By Craig Funston
When it comes to working and playing, I wear many different hats, Let me see: writer, director, farmer, actor, and preacher. You may see “teacher” missing: Indeed it is, because after twenty-five years of being in a classroom setting in one form or the other, I have hung up the slate, so to speak.
I suppose “once a teacher, always a teacher” still holds, though. I find myself always teaching a word here, a concept there, even a little instruction on worldview here in this column.
Recently I found myself in Vancouver/Langley teaching (more like preaching, I suppose) a number of Bible messages to a large group of Chinese students. It was actually a bilingual church: While the old people had their sessions in Chinese, the young one had theirs in English—and that’s where I came in. (That would make at least one of the old person with the young people, wouldn’t it?)
I had to do the English-speaking part. My Chinese vernacular is limited to “chow mein,” “one ton soup,” and “chop suey.” Uhmm, thtat would make a great meal, but a terrible sermon.
I left all my Chinese jokes at home, of course. I never told the one about keeping “Wings” and “Wongs” out of the Chinese phone book, just in case someone might wing the wong the number. Nor did I talk about those “Chin” twins. Just wondering: Would that be a double chin?
These kids, so-called (ranging in ages from fifteen to past thirty), were just as smart and polite as I expected. They were mostly students (ranging from secondary to post-secondary), or running the whole gamut of professionals. Not a tradesman among them., mind you. I have been hanging out with young Chinese students and professionals for years, and these guys were no different from any others in that culture.
Now I’m sure you probably don’t give a rip about any sort of preaching gig I had, and I get it. Just like I don’t get off on hearing about someone’s drinking exploits, or sexual conquests. Fair enough.
So today’s column isn’t about faith, facts, or feelings. It’s about culture.
I was reminded at how similar, not different, we (English and Chinese) were when I was there. Age notwithstanding, I was reminded at how similar we were in terms of interests, feelings, needs, inter-personal issues, careers, and life itself.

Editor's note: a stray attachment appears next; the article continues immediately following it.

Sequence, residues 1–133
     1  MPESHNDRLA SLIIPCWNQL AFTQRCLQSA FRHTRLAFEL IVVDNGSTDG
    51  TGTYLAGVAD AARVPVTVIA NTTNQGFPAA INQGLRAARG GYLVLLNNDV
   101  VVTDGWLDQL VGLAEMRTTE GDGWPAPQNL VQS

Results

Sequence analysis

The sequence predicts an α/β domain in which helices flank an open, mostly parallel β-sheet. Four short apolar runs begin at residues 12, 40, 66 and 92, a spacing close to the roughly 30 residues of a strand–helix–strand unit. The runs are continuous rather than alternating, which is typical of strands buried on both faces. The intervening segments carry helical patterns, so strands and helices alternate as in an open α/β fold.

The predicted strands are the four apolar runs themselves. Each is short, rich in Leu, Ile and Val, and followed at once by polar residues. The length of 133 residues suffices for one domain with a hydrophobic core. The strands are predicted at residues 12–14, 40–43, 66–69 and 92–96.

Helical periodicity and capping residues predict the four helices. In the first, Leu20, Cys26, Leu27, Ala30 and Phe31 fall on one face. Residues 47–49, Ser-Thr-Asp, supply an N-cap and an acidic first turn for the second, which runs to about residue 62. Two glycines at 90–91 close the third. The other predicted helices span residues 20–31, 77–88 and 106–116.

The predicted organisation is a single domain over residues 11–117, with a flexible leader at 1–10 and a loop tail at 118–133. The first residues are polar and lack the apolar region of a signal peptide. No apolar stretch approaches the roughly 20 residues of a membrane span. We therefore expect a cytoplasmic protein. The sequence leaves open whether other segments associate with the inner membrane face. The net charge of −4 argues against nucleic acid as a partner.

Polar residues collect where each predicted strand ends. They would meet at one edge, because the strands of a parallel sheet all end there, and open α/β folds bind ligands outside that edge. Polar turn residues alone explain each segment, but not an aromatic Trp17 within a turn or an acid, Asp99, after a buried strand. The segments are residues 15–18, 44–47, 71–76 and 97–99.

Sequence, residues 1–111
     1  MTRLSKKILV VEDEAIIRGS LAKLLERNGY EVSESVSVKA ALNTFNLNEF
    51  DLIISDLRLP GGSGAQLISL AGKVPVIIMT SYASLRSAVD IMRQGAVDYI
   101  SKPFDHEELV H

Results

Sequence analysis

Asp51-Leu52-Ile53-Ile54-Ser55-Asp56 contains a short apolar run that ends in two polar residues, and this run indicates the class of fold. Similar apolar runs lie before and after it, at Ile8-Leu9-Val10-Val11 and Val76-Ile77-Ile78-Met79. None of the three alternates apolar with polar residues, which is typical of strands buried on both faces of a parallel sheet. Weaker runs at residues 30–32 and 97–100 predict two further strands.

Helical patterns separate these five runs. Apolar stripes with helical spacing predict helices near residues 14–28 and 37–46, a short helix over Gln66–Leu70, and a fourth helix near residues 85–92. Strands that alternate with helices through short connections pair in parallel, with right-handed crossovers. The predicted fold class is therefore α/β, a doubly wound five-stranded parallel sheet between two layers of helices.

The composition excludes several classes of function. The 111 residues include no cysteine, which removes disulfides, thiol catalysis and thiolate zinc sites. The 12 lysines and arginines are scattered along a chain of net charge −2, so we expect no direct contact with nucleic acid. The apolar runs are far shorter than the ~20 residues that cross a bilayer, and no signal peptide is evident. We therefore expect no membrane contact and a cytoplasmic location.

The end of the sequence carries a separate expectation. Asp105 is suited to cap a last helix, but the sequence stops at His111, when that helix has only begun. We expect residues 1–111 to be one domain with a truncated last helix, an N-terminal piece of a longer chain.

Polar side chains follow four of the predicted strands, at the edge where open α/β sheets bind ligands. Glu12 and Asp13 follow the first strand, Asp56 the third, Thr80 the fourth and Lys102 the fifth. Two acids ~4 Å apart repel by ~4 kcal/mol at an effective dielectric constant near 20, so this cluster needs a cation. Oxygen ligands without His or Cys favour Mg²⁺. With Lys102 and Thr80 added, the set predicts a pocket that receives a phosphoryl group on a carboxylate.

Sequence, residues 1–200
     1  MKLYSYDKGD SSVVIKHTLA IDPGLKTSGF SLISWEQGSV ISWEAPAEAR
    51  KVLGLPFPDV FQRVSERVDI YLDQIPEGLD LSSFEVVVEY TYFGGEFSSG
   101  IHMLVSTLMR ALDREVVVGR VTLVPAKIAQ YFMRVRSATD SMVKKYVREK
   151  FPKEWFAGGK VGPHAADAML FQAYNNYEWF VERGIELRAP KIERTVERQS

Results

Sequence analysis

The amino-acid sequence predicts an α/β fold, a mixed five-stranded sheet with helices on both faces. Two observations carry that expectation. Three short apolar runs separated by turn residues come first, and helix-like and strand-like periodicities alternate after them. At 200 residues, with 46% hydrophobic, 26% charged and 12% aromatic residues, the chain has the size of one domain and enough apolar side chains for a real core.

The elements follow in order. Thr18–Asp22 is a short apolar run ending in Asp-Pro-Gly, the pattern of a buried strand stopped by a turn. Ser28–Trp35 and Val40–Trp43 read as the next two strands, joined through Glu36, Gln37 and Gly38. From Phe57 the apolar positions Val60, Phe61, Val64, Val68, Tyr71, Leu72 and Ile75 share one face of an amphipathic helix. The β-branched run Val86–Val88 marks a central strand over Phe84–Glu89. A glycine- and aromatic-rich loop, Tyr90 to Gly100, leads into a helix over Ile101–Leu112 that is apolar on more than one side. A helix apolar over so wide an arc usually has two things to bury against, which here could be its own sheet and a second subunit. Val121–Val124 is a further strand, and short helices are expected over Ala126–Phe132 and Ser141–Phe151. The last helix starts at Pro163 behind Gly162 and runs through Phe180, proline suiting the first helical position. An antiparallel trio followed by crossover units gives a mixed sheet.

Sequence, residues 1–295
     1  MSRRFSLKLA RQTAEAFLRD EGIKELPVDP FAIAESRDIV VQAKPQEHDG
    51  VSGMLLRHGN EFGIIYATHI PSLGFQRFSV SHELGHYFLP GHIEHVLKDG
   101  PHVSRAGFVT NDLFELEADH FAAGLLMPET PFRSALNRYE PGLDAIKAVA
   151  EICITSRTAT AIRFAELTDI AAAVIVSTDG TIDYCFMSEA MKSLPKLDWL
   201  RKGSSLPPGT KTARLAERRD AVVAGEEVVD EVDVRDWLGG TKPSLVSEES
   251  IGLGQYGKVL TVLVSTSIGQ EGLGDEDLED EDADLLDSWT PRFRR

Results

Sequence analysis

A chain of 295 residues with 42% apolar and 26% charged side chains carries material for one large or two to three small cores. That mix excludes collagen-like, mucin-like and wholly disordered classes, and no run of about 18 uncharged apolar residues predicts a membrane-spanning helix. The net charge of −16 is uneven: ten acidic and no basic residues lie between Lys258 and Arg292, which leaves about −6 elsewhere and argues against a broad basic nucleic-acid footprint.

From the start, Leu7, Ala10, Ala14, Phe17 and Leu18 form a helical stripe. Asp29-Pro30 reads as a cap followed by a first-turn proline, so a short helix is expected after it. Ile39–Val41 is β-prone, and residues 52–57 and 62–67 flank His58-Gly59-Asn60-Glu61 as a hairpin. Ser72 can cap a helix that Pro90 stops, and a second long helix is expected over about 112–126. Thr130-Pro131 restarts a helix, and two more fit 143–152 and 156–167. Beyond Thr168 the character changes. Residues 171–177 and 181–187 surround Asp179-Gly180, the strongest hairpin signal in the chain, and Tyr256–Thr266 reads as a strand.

In other words, the differences in the Chinese culture and the English culture are merely skin deep and mask for what we actually have in common. And for that matter, one can change the word “Chinese” with Afghani, Irish, or Peruvian, and my argument still holds true
I posit that we (= humans) are all the same underneath this cultural variation or facade. Adopt a child from any culture other than English, and that child grows up English. It simply replaces one set of cultural norms and quirks for another set.
I was amazed (actually, simply reminded) of how girls giggle and boys tease in all cultural contexts; how the urge to be impressive and cool crosses all cultural boundaries. These kids like their sports, Pokemon, styles, and sleeping in—just like any other normal kid.
I met my share of Hungs, Laws, and Woos over those recent six days, but they could have just as easily been Epps, Loewens, or Thiessens. Or MacAdams, McKinleys, or MaChines.
Okay, okay, I jest: not Machine.
Thus, I find culture a bittersweet concept. Much damage is done in the name of culture (far more than, say, skin colour or religion). Yet the good elements of culture are something to celebrate. An abuse of the cultural angle leads to nationalism, abuse, bigotry, and death. A balanced expression of culture is like the many flowers in a flower bed: Many flowers, but only one garden. And they’re on the surface, with different-sized roots.
Or another metaphor would be a carpet: It may be patterned or plain, shag or coarse, coloured or not. The key is that carpets are superficial and simply cover what is really there, namely, the floor underneath.
To further my metaphor, humanity is the floor and there’s only one floor.
I was enriched by being with those young people in Vancouver/Langley, and I welcome the opportunity to return someday. In superficial matters, we were different from each other (from the skin out); in the essential matters, namely, character, personality, and temperament, we were all the same.
By the way, I even met the Lee brothers—you know, Ugg Lee and Hard Lee.